What is ICU PSYCHOSIS?
ICU psychosis has been well known since the 1960's, but only recently has there been a noticeable increase in published literature. ICU Psychosis is often referred to as ICU Syndrome.
Patients in Intensive Care who have undergone major surgery coupled with having been given strong anaesthetic drugs run the risk of experiencing side effects from a combination of trauma and the drugs. Typically morphine is used (along with other drugs) which is an opiate that can cause hallucinations and cause the patient to experience delirium.
The condition has been formally defined as "acute brain syndrome involving impaired intellectual functioning which occurs in patients who are being treated within a critical care unit."
There are various definitions of ICU Psychosis, but there appears to be a consistency across the various definitions:
"ICU psychosis is a disorder in which patients in an intensive care
unit (ICU) or a similar setting experience anxiety, hear voices, see
things that are not there, and become paranoid, severely disoriented
in time and place, very agitated, or even violent, etc. In short,
patients become temporarily psychotic."
"Psychosis: An organic or functional mental illness involving gross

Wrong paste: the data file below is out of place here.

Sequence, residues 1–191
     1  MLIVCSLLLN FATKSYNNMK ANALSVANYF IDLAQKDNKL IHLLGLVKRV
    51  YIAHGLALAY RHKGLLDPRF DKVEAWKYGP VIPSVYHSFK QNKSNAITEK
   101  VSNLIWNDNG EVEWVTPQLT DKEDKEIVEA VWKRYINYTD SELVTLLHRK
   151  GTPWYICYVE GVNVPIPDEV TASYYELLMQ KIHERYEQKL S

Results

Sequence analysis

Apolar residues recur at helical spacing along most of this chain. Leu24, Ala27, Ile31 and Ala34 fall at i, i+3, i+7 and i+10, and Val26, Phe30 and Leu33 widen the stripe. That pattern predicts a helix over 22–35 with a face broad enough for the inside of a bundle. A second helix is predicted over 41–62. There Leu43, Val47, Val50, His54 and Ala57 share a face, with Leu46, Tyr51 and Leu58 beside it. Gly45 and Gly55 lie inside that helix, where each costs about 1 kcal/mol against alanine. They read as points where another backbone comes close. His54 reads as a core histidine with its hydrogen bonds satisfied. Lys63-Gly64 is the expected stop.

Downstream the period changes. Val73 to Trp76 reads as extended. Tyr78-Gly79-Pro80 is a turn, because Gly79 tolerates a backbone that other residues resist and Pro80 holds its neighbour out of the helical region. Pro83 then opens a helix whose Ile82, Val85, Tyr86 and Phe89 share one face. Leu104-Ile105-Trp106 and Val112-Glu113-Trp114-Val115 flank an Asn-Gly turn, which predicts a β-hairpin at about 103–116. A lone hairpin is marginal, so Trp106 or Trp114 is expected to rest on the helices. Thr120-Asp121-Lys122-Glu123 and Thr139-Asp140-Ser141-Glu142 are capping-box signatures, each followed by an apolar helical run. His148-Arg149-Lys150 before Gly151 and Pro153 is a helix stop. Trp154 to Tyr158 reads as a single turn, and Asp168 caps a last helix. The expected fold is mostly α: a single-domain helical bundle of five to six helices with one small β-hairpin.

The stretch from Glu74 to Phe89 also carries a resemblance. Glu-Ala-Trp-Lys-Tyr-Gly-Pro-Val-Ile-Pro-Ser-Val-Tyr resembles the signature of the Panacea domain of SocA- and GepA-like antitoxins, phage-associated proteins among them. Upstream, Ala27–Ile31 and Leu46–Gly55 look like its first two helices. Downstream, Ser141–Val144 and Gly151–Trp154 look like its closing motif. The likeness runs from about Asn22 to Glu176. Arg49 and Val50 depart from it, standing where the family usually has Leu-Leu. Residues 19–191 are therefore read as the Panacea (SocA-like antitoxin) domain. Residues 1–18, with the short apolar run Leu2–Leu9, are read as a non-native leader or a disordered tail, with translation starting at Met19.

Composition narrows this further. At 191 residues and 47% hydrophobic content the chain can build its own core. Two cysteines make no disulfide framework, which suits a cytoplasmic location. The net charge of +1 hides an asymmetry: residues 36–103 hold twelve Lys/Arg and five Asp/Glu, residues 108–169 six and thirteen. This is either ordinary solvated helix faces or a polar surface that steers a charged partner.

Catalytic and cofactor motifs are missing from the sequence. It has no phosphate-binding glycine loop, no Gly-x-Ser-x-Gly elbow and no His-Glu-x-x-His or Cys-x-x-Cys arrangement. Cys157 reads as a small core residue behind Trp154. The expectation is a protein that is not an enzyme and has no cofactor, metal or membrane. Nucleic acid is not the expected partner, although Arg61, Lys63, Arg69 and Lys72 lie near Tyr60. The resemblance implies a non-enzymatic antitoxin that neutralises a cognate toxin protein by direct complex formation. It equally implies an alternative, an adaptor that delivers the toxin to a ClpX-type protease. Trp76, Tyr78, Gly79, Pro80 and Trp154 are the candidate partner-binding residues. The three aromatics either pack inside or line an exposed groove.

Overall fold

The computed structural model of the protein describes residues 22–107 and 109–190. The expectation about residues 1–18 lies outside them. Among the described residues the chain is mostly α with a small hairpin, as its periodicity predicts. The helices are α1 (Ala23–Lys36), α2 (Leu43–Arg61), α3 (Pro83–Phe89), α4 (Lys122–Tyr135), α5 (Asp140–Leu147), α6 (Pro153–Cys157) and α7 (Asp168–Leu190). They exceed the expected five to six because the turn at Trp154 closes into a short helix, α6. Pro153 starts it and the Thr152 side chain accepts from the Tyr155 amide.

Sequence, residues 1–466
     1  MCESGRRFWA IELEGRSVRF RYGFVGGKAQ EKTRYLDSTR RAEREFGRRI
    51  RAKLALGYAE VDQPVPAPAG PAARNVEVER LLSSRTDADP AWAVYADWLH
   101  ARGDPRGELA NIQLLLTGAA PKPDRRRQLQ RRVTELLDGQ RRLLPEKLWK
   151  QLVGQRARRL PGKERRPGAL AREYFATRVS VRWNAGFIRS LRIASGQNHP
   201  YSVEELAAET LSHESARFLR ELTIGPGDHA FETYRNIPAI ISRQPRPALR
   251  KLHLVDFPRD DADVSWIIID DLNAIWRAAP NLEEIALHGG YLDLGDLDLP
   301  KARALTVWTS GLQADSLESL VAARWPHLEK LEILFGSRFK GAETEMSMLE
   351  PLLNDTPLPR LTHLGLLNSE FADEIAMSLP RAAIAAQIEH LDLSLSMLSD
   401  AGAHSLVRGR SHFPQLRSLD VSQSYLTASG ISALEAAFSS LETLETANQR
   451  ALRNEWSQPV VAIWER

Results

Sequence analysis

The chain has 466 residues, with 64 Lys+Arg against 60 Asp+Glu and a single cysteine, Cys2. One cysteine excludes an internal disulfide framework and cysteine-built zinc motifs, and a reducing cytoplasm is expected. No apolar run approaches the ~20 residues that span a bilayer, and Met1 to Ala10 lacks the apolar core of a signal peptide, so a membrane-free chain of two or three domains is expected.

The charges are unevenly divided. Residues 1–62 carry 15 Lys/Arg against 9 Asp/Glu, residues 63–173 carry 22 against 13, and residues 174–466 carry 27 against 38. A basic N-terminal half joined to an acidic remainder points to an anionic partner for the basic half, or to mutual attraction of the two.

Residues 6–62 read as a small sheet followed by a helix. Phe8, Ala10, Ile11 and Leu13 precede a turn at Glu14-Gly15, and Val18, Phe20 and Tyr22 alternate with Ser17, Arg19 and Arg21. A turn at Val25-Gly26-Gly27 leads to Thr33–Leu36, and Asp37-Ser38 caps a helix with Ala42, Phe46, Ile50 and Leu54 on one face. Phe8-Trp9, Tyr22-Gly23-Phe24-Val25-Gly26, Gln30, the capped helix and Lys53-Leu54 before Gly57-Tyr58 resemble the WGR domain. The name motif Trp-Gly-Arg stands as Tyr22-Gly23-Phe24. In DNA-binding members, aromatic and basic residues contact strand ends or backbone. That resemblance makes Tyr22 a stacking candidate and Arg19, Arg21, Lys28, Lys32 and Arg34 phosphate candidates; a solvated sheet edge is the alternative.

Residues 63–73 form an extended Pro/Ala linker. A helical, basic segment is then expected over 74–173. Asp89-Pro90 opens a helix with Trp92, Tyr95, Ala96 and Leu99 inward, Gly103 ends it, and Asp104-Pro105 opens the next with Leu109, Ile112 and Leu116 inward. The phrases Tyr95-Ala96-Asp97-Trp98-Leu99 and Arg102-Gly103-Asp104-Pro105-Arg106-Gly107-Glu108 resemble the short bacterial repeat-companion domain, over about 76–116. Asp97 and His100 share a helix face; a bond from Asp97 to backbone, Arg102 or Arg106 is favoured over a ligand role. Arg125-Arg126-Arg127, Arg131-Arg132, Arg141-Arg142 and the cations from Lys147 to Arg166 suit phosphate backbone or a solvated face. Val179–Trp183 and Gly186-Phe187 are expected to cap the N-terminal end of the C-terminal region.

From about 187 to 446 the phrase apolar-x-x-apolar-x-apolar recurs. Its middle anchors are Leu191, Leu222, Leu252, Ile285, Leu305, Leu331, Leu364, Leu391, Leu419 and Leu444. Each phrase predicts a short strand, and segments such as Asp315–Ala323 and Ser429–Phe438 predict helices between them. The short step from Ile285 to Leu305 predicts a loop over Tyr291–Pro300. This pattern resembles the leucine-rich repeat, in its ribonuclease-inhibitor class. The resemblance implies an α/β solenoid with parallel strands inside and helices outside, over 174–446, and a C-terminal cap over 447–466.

disorder of perception and/or thought form or content which causes
the subject to lose touch with external reality. Psychotic Symptom:
A symptom which causes a misinterpretation of the nature of reality.
Typically hallucinations; delusional beliefs; disorders of the
stream of thought (speed, pressure); formal thought disorder
(linking of thoughts together)."
"Psychosis is a symptom or feature of mental illness typically
characterized by radical changes in personality, impaired
functioning, and a distorted or non-existent sense of objective
Psychosis is characterized by the following symptoms:
Delusions. Those delusions that occur in schizophrenia and its related forms are typically bizarre (i.e., they could not occur in real life). Delusions occurring in delusional disorder are more plausible, but still patently untrue. In some cases, delusions may be accompanied by feelings of paranoia.
Hallucinations. Psychotic patients see, hear, smell, taste, or feel things that aren't there. Schizophrenic hallucinations are typically auditory or, less commonly, visual; but psychotic hallucinations can involve any of the five senses.
Disorganized speech. Psychotic patients, especially those with schizophrenia, often ramble on in incoherent, nonsensical speech patterns.
Disorganized or catatonic behaviour. The catatonic patient reacts inappropriately to his or her environment by either remaining rigid and immobile or by engaging in excessive motor activity. Disorganized behaviour is behaviour or activity that is inappropriate for the situation, or unpredictable.